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Health Policy Plan. 2016 Mar;31(2):239-49. doi: 10.1093/heapol/czv047. Epub 2015 Jun 22.

Exploring corruption in the South African health sector.

Author information

1
Centre for Health Policy & Medical Research Council Health Policy Research Group, School of Public Health, Faculty of Health Sciences, University of the Witwatersrand, Johannesburg, 27 St Andrew's Road, Parktown 2193, South Africa, laetitia.rispel@wits.ac.za.
2
School of Public Health, Faculty of Health Sciences, University of the Witwatersrand, Johannesburg, 27 St Andrew's Road, Parktown 2193, South Africa and Epidemiology and Surveillance Unit, National Institute for Occupational Health, 25 Hospital Street, Constitution Hill 2001, South Africa.
3
School of Public Health, Faculty of Health Sciences, University of the Witwatersrand, Johannesburg, 27 St Andrew's Road, Parktown 2193, South Africa and.

Abstract

Recent scholarly attention has focused on weak governance and the negative effects of corruption on the provision of health services. Employing agency theory, this article discusses corruption in the South African health sector. We used a combination of research methods and triangulated data from three sources: Auditor-General of South Africa reports for each province covering a 9-year period; 13 semi-structured interviews with health sector key informants and a content analysis of print media reports covering a 3-year period. Findings from the Auditor-General reports showed a worsening trend in audit outcomes with marked variation across the nine provinces. Key-informants indicated that corruption has a negative effect on patient care and the morale of healthcare workers. The majority of the print media reports on corruption concerned the public health sector (63%) and involved provincial health departments (45%). Characteristics and complexity of the public health sector may increase its vulnerability to corruption, but the private-public binary constitutes a false dichotomy as corruption often involves agents from both sectors. Notwithstanding the lack of global validated indicators to measure corruption, our findings suggest that corruption is a problem in the South African healthcare sector. Corruption is influenced by adverse agent selection, lack of mechanisms to detect corruption and a failure to sanction those involved in corrupt activities. We conclude that appropriate legislation is a necessary, but not sufficient intervention to reduce corruption. We propose that mechanisms to reduce corruption must include the political will to run corruption-free health services, effective government to enforce laws, appropriate systems, and citizen involvement and advocacy to hold public officials accountable. Importantly, the institutionalization of a functional bureaucracy and public servants with the right skills, competencies, ethics and value systems and whose interests are aligned with health system goals are critical interventions in the fight against corruption.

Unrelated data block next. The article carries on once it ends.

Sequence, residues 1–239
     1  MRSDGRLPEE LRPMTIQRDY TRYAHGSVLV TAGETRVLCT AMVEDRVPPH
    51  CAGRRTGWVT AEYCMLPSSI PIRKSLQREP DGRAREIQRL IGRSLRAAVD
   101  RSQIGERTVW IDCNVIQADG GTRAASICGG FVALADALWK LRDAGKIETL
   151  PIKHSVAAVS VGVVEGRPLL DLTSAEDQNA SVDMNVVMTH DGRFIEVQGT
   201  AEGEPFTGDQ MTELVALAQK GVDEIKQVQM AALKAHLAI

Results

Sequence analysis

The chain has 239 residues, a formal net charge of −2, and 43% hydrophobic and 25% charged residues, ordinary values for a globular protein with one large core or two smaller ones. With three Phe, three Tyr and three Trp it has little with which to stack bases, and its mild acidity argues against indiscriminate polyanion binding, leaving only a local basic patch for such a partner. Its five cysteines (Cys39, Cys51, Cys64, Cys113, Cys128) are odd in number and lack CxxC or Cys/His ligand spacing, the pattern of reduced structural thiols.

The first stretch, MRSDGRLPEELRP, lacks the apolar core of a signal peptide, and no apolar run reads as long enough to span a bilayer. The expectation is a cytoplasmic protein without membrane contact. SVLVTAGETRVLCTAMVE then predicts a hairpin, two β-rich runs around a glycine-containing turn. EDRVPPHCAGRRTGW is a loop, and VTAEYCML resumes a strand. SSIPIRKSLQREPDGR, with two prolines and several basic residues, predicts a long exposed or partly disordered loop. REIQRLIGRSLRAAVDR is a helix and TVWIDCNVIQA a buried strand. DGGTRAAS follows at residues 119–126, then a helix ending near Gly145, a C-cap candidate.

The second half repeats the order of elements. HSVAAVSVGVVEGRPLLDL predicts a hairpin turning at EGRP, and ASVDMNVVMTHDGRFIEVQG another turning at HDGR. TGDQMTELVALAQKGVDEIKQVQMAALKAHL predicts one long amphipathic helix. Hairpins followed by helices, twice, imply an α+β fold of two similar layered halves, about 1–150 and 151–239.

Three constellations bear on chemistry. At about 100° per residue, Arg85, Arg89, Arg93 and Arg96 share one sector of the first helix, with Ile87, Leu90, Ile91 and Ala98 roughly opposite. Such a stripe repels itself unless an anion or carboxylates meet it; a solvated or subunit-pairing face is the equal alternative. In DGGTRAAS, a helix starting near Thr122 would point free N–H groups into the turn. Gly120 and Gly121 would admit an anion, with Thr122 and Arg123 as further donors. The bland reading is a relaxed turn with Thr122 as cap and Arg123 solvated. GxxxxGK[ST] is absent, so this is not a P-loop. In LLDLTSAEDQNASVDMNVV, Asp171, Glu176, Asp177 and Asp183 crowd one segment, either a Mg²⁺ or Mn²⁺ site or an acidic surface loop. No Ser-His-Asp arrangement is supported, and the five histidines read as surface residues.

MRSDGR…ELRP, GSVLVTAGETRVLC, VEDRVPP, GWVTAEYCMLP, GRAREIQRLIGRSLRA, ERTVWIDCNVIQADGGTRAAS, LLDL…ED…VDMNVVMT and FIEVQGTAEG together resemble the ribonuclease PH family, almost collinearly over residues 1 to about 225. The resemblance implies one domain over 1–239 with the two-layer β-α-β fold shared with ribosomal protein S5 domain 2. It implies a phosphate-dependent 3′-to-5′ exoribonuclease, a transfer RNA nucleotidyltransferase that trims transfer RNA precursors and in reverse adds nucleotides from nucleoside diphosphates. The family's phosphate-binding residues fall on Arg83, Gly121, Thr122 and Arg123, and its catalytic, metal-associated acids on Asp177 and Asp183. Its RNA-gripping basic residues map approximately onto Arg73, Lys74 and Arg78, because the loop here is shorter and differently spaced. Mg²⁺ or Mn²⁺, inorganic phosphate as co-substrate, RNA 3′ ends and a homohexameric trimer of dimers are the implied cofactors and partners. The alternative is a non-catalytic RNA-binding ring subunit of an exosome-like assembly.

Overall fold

KEYWORDS:

Corruption; South Africa; agency theory; governance; health systems

PMID:
26104821
DOI:
10.1093/heapol/czv047
[Indexed for MEDLINE]

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